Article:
Invasive Species In USA Waterways - Part 6
Red Lionfish and Common Lionfish
Both the Red Lionfish and Common Lionfish are invasive species which have come the USA waterways resulting in Lionfish invasion. They are great at camouflaging themselves. While, Red Lionfish and Common Lionfish have poisonous spines. They are both edible fish.
Invasive Species Definition
The definition of an invasive species is any species that is not native to our ecosystems and cause harm when introduced to the ecosystems. Furthermore, these may include amphibians, plants, insects, fish, fungus, bacteria and more. Impacts on the environment may cause economic loss or affect human health.
While, Invasive species tend to grow and reproduce quickly and spread aggressively with the potential to cause harm on the environment, economy or even human health. Therefore, given the label “invasive”.
The Red Lionfish has the botanical name of Pterois volitans. While, being indigenous to the West Pacific Ocean. Further, is a large strikingly beautiful but venomous fish, reaching sizes of up to 45cm. Furthermore, aggressive feeders and explosive breeders. Therefore, a dangerous predator to local aquatic life. Meanwhile, armed with toxins that can cause painful stings to humans who encounter them.
Biology of the Red Lionfish
Feed on crustaceans, other invertebrates, and fish. Opportunistic in foraging among coral reefs. Further, adapt to prey items quickly, allowing them to infiltrate habitats with ease. While, aggressive feeders and fertile fish. Therefore, causing Lionfish invasion.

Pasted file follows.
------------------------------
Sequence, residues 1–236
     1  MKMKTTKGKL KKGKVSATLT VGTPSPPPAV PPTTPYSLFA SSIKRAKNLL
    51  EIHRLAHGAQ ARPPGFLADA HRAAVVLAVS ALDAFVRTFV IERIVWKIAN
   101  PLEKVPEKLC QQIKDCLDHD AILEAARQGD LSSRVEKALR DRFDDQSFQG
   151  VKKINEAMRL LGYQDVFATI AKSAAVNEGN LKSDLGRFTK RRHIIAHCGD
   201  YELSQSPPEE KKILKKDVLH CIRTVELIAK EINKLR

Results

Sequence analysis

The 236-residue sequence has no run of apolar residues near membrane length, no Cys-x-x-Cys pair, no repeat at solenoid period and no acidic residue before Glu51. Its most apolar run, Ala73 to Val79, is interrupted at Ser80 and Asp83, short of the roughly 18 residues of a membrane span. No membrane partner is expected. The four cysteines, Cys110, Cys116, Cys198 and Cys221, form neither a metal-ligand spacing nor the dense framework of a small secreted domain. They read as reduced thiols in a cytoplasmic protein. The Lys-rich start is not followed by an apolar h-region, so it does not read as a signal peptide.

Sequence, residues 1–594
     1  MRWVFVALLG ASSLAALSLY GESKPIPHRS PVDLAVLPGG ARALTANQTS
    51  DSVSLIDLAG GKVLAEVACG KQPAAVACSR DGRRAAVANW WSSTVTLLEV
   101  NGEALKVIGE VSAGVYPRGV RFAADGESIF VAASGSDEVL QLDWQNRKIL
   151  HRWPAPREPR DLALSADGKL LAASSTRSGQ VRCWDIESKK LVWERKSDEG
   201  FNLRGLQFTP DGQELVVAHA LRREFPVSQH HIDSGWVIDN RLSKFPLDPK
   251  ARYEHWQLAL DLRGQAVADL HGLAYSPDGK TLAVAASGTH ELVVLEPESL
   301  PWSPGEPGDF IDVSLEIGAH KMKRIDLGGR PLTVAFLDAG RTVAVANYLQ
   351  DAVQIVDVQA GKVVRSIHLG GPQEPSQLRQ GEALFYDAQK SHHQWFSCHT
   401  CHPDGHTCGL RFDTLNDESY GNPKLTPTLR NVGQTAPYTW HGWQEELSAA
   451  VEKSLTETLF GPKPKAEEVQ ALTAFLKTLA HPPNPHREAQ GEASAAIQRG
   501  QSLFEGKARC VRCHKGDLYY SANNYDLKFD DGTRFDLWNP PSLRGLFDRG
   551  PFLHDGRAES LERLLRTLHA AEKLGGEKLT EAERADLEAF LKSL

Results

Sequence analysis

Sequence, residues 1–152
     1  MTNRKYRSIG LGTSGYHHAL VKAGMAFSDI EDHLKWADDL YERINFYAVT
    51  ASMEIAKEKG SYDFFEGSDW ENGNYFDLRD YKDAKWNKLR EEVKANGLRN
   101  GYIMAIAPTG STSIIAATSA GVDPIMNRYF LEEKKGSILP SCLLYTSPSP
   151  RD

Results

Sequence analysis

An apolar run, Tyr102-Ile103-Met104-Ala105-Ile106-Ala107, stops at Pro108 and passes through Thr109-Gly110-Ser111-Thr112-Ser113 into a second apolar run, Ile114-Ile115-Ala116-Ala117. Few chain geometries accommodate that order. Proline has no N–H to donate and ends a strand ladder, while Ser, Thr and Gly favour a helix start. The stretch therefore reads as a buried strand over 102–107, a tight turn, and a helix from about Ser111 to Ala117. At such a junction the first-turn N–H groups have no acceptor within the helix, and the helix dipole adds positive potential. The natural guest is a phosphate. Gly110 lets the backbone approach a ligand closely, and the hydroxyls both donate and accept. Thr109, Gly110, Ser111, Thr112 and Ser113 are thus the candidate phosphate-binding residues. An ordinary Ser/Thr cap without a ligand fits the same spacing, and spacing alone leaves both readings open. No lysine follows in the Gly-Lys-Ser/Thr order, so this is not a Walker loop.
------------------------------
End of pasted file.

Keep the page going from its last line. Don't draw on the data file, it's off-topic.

Females lay eggs every four days. Furthermore, spawn continually throughout the year. Therefore, can lay approximately two million eggs annually. Amazing fertility rate combined with aggressive behaviour makes it a dangerous for indigenous coral reef ecosystems.
However, devastate local reef communities with aggressiveness, wide selection of prey items, and ability to reproduce throughout the year. Superior competitors especially on the coral reef. Slowly making their way to Florida and up into the Gulf Coast.
Prefer to live near reefs in depths between 10-175m. Camouflaging themselves at the reefs bottom. Brilliant coloring allows them to both stand out and warn others of their toxicity. Dominate the coral reef habitats.
Introduction and Management in the USA
Without proper management, they will inhabit all the Gulf Waters. The aquarium trade introduced Red and Common Lionfish into the United States waters. Most likely due to aquarium owners dumping unwanted pets who become too large or too expensive to maintain.
With various methods currently underway for managing the Lionfish invasion in the United States. Some of these activities include spearing, bagging, or simply marking the location of the Red Lionfish by divers. Snorkelers and divers are mostly relied upon to locate these fish.
Eating of the Red Lionfish is promoted. Red Lionfish are a delicacy in some cultures and are even a base ingredient in bouillabaisse.
Is native to the South Pacific and Indian Ocean region, Malaysia, Australia, New Zealand, South Korea, Micronesia. As well as, Japan. Have caused a lionfish invasion in the USA. Generally, have a distinctive appearance. Moreover, are maroon-red or brown in color with white stripes from head to tail.